Milton says his compositions follow his visions “like a movie”, and he believes that reflects his long love affair with cinema. “I only began composing because of enjoying the movies so much,” he says. “I wrote my first song “Peace for the Coming Love” after seeing ‘Jules et Jim’ (the cult 60s French film directed by François Truffaut), with my friend Marcio Borges. We went early in the morning and watched it four or five times in a row, then went to Márcio’s home and wrote the song.”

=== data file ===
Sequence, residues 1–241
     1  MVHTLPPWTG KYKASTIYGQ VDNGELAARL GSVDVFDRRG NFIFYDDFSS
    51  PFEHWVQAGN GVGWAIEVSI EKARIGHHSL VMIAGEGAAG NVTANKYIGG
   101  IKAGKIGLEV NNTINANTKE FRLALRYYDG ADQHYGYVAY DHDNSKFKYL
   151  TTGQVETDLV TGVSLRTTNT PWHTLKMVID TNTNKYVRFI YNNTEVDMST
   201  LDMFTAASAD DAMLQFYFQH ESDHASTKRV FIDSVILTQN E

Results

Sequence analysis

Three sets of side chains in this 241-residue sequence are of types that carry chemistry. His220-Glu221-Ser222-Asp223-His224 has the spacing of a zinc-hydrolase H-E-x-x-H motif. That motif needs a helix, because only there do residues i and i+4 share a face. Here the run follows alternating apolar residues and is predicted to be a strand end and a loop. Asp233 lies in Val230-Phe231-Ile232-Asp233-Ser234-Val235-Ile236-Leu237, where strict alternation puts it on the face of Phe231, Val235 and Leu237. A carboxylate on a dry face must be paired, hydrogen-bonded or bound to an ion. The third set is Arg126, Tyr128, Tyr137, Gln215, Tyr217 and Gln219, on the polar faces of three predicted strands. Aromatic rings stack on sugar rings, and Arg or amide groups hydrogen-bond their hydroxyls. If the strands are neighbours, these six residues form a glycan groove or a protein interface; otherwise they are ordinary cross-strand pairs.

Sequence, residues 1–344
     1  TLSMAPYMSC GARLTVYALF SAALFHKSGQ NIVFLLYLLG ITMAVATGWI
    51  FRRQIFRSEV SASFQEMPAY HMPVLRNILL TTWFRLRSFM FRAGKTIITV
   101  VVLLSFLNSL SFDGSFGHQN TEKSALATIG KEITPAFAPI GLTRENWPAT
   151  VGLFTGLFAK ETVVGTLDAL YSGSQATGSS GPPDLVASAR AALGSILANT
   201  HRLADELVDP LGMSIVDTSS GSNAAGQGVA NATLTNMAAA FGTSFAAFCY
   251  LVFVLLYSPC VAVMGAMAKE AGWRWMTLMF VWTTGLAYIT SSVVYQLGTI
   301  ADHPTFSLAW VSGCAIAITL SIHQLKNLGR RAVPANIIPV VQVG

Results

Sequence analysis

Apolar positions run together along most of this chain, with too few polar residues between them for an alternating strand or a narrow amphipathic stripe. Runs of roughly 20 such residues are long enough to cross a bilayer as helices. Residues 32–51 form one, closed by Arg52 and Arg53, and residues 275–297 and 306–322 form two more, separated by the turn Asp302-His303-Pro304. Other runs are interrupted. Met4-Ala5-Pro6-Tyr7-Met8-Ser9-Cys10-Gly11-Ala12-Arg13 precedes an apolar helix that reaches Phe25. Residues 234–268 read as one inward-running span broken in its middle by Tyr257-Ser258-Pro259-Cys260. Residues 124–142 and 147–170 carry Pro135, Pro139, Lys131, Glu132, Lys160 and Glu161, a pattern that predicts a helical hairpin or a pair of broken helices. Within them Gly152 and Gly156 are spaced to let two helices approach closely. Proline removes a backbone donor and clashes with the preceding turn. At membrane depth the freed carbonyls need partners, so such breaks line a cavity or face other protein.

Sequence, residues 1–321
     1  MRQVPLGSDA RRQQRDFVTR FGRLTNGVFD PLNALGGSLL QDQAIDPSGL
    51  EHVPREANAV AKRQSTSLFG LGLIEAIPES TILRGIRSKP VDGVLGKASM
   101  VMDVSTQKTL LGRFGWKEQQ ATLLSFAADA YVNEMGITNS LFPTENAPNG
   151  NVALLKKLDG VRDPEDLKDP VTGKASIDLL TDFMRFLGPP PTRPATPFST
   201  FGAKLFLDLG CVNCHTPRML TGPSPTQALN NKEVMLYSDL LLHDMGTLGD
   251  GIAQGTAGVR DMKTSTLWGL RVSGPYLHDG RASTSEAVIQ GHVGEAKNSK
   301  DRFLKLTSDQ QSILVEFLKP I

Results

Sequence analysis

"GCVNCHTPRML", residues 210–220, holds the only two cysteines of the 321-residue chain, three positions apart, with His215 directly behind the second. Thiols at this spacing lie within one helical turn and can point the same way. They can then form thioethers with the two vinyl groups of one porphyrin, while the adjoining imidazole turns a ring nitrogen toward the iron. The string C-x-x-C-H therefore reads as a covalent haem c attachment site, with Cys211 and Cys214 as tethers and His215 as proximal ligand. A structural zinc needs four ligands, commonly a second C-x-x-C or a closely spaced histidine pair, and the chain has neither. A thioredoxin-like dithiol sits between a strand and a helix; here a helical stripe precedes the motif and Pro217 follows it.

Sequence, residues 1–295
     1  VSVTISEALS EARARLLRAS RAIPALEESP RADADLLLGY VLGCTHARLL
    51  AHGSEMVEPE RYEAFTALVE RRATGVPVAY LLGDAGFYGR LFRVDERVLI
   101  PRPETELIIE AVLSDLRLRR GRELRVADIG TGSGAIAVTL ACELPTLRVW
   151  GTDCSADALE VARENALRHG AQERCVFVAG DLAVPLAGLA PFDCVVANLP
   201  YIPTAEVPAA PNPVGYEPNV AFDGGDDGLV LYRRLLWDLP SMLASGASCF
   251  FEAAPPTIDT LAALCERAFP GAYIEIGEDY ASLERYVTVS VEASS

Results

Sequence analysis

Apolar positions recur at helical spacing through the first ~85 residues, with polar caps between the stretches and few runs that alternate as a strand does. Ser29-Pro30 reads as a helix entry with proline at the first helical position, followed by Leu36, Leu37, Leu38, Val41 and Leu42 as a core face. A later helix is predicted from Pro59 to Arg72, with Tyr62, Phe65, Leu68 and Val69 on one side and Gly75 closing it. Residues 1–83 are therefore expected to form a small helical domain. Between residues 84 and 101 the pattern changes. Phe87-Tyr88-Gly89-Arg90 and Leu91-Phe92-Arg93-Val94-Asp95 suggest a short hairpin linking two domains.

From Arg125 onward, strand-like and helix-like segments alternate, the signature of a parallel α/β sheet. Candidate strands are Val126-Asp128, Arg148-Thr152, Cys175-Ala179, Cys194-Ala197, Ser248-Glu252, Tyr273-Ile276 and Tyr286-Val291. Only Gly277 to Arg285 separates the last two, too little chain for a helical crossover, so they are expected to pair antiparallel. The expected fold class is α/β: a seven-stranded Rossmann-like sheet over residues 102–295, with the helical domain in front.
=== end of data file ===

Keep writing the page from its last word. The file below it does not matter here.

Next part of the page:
The songs also include solo spoken passages set to music, clearly influenced by this style of French art cinema. On the title track, Maria’s story is narrated and translated to music through the use of African Percussion, drums and metal signifying the field slave tools of the day. ‘Trabalhos (Works)’ runs to work rhythms and whipcracks: no words, just pain. ‘Lília’ documents the beating of the slave woman. After ‘A Chamada (The call)’ and the triumphant ‘Era Rei e Sou Escravo (I was a king now I am a slave’ things begin to turn and Milton employs tropical jungle cries to symbolize freedom. ‘Santos Catholicos x Candomble (Catholic Saints vs Candomble)’ represents the battle between African and European religions through the music of both sides. Milton’s heavenly falsetto pours into ‘Francisco’ and ‘Pai Grande (Great Father)’ and the outstanding ‘Eu Sou Uma Preta Velha Aqui Sentada no Sol (I’m an old black lady, sitting under the sun)’ conjures images of an old woman sitting deep in the forest, her memories painted in drums, piano and voices